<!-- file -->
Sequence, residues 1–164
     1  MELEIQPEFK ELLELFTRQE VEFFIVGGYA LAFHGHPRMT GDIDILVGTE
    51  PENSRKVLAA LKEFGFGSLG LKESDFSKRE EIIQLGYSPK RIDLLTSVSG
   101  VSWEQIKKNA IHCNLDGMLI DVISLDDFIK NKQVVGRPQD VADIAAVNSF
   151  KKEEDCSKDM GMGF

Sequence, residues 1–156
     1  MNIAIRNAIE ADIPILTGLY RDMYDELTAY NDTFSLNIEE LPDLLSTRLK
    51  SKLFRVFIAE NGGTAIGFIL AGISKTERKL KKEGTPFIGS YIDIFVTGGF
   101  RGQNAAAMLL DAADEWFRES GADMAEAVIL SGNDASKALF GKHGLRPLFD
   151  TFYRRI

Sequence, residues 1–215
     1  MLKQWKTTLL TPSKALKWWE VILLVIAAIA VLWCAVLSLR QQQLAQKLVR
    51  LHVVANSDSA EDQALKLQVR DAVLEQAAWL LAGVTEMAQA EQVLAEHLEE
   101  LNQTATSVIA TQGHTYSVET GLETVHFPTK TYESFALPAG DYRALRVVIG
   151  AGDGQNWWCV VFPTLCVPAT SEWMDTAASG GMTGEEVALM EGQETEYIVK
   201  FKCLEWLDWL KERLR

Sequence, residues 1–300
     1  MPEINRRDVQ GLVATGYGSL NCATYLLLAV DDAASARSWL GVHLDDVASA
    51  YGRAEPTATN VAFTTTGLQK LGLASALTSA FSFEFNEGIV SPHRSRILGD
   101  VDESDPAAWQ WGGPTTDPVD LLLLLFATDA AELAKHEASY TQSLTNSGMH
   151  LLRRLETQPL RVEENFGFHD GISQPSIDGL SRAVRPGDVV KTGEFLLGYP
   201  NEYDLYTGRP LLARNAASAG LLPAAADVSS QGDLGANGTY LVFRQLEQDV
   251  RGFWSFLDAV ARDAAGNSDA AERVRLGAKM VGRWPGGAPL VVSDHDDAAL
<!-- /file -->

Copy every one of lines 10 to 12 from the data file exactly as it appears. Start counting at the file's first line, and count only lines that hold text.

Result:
   151  TFYRRI

Sequence, residues 1–215
     1  MLKQWKTTLL TPSKALKWWE VILLVIAAIA VLWCAVLSLR QQQLAQKLVR